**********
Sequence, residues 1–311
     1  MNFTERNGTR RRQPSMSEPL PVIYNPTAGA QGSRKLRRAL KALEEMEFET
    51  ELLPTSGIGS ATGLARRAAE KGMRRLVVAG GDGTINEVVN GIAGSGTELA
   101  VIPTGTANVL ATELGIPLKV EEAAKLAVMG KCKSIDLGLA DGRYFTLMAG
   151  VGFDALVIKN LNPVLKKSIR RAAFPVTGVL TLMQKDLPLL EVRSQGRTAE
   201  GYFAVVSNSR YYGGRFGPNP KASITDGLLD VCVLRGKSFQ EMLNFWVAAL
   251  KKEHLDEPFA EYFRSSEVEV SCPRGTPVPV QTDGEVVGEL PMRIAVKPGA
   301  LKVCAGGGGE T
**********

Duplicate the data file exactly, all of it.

Sequence, residues 1–311
     1  MNFTERNGTR RRQPSMSEPL PVIYNPTAGA QGSRKLRRAL KALEEMEFET
    51  ELLPTSGIGS ATGLARRAAE KGMRRLVVAG GDGTINEVVN GIAGSGTELA
   101  VIPTGTANVL ATELGIPLKV EEAAKLAVMG KCKSIDLGLA DGRYFTLMAG
   151  VGFDALVIKN LNPVLKKSIR RAAFPVTGVL TLMQKDLPLL EVRSQGRTAE
   201  GYFAVVSNSR YYGGRFGPNP KASITDGLLD VCVLRGKSFQ EMLNFWVAAL
   251  KKEHLDEPFA EYFRSSEVEV SCPRGTPVPV QTDGEVVGEL PMRIAVKPGA
   301  LKVCAGGGGE T